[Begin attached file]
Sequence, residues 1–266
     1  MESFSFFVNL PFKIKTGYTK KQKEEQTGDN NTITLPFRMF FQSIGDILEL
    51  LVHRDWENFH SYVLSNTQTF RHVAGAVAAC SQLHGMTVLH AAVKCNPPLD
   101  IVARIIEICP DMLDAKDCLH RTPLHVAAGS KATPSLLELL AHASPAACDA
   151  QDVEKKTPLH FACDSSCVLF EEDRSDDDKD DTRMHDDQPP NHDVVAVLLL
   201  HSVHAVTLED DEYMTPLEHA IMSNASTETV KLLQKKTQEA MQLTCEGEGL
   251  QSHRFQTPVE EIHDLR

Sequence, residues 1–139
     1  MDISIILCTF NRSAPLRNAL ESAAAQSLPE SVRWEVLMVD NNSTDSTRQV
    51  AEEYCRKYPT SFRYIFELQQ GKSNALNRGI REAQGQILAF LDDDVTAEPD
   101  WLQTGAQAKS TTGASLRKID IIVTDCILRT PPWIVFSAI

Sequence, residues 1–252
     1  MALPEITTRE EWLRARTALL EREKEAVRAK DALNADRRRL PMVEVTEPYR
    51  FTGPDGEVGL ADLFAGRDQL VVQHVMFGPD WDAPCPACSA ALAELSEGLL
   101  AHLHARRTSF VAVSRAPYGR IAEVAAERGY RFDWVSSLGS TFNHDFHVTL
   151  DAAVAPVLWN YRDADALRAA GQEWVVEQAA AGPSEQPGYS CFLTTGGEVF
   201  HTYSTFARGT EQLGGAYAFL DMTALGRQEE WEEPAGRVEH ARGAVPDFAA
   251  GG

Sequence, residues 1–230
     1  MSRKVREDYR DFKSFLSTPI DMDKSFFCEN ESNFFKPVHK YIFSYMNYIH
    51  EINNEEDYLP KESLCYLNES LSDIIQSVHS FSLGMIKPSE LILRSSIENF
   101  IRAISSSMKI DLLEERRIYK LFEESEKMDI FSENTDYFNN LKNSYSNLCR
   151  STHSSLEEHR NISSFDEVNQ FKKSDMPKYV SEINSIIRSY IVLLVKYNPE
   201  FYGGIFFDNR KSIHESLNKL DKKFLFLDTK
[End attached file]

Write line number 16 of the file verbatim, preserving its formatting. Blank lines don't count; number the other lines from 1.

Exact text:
   151  DAAVAPVLWN YRDADALRAA GQEWVVEQAA AGPSEQPGYS CFLTTGGEVF